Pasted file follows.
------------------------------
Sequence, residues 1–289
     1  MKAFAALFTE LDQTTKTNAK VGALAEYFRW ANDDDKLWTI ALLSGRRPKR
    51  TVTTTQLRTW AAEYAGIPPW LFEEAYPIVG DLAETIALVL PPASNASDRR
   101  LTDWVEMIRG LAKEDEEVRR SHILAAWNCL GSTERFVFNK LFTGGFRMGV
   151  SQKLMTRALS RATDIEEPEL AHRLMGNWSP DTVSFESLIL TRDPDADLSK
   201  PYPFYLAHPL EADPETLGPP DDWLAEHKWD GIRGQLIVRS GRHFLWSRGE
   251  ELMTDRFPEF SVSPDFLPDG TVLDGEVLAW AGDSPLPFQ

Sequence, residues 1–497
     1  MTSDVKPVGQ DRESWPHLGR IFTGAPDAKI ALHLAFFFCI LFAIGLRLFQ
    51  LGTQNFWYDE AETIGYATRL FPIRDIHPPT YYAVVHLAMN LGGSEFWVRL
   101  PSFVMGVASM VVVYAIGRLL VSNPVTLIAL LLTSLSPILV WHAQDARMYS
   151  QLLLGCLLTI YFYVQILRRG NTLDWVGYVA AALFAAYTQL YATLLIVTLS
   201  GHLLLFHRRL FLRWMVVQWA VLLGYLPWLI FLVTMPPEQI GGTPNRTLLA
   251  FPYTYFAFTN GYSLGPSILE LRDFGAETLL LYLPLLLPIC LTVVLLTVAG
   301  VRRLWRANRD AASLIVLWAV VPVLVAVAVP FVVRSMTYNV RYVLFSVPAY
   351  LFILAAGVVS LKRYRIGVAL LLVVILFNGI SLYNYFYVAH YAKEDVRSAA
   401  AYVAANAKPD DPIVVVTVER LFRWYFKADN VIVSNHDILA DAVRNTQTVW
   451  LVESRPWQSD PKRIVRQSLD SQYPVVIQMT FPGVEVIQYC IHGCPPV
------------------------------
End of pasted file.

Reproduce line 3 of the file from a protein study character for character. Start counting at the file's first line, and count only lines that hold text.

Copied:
    51  TVTTTQLRTW AAEYAGIPPW LFEEAYPIVG DLAETIALVL PPASNASDRR